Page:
My mother, Grace Madeline Moore, was the sixth child in a family of eleven children born to Kirby Runion Moore and Eula Amanda Floyd. The family was a typical poor farming family. Kirby was the son of Martha Lewis and Harlston Perrin Moore, a tenant farmer who had left the family farm behind in South Carolina and moved to the Dallas area of Texas in 1877. Eula was the ninth of 11 children of Angeline Elizabeth Matlock and Charles Augustus Floyd, a Dallas area farmer who had seen prosperous days but ultimately suffered nearly disastrous financial setbacks and legal consequences from overly ambitious land deals and speculation. Using money inherited from Angeline Floyd following her death in 1916 (Charles Floyd had died in 1894 at the age of 54, perhaps from the strain caused by his enormous financial losses), Kirby and King David Floyd, Eula’s brother, bought inexpensive land in Baylor County, Texas, and moved there with their families in 1917, where my mother was born that same year.
Baylor County was far more sparsely populated than Dallas County, and always seemed a place of loneliness and desolation to my grandmother Eula. As described by my mother’s older sister Clarice in the article she wrote on the Moore family for Volume II of Salt Pork to Sirloin: The History of Baylor County from 1878 to Present (Wichita Falls, Texas: Nortex Press, 1877; compiled by the Baylor County Historical Survey Committee), the early years were hard ones: “Our first crop was a failure, so we made a trip to East Texas by covered wagon to pick cotton for an uncle. We got as far as the Brazos River bridge in Seymour the first day. It took seven more days to arrive at our destination. We lived in a tent while we were there.”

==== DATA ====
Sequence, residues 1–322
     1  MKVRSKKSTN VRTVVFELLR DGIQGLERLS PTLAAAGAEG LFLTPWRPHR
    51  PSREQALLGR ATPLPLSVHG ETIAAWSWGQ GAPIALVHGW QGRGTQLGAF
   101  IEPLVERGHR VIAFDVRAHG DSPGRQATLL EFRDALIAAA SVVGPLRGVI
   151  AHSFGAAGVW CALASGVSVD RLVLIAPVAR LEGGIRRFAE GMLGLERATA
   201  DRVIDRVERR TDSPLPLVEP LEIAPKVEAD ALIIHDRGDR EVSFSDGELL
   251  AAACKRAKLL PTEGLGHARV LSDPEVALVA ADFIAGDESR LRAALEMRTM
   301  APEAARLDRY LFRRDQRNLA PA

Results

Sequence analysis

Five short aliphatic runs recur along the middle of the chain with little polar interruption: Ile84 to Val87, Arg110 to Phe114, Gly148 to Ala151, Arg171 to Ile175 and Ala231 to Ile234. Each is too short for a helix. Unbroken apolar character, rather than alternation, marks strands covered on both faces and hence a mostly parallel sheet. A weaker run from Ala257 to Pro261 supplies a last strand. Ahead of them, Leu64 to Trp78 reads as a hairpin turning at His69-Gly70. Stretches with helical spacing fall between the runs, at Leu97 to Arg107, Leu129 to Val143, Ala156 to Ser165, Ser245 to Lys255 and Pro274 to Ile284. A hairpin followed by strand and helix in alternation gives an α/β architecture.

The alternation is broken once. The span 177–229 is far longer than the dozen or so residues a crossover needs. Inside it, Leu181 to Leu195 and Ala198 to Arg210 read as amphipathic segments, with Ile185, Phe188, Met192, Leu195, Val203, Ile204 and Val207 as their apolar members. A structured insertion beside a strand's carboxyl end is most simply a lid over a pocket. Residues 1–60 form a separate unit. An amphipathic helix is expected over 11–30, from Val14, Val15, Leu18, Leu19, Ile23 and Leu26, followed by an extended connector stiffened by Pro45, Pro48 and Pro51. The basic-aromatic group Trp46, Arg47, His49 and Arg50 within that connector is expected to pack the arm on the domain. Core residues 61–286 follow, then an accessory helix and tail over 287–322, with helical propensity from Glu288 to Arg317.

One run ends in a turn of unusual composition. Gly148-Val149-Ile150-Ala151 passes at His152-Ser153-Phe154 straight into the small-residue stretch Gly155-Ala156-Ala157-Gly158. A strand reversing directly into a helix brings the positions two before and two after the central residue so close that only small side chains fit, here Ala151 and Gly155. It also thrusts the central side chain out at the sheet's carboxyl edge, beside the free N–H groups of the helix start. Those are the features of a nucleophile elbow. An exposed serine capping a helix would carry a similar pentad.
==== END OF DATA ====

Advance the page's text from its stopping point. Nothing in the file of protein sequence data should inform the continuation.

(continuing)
Even when the cotton crops did not fail, a life which was dependent on cotton for support was always filled with exhausting labor; anyone who has ever had to pick cotton will tell you what back-breaking and spirit-breaking labor it is. The Moore children started picking cotton at a young age, and every year they had to keep at it until the season was over, which was usually around the beginning of December in that part of Texas. For my mother and her siblings, that generally meant that they could not start attending school until December, so every year they had to spend time catching up. By the end of eighth grade, when my mother finished at Corn School (Corn School is described in Memory Monday: Mementos from my Mother’s School), Mom was tired of doing this, so she made the decision not to go on to high school. I know at least two of her younger siblings did graduate from high school, and perhaps all four did (the youngest of the 11 children, a brother named Ray, died of diphtheria when he was three years old).
So my mother went through most of her life without a high school diploma. Sometimes she was a homemaker, and I remember when we lived in San Bernardino she was a playground supervisor for a couple of years at my elementary school (where, by the way, she was a great favorite among the kids for her fair and impartial treatment of the kids when handling playground conflicts and for her motherly concern for their scrapes and bruises). In Texas she worked as a waitress for some years and later worked at a pajama factory.
I don’t remember what it was that inspired my mother to work to get her high school diploma, but she decided to do it and she carried through. I remember seeing her working on her workbooks when I would come home from college to visit during Christmas vacation.
The day Mom earned her G.E.D. was a very proud day both for her and for me. Now there were two high school graduates in our family. (My Dad had quit school after the tenth grade to go to work and my brother, to my mother’s sorrow, quit during his senior year in high school.) Mom had nothing to gain financially from getting her diploma since it did not really open up any more opportunities for her on the sparse job market in our small town. I can only think she did it for reasons of self-respect. And she taught her daughter an important lesson: It’s never too late, so don’t ever give up.
Submitted for the 72nd Edition of the Carnival of Genealogy: Mothers!
Mom and me - Taken at my parent's apartment in McKee's Rocks, Pennsylvania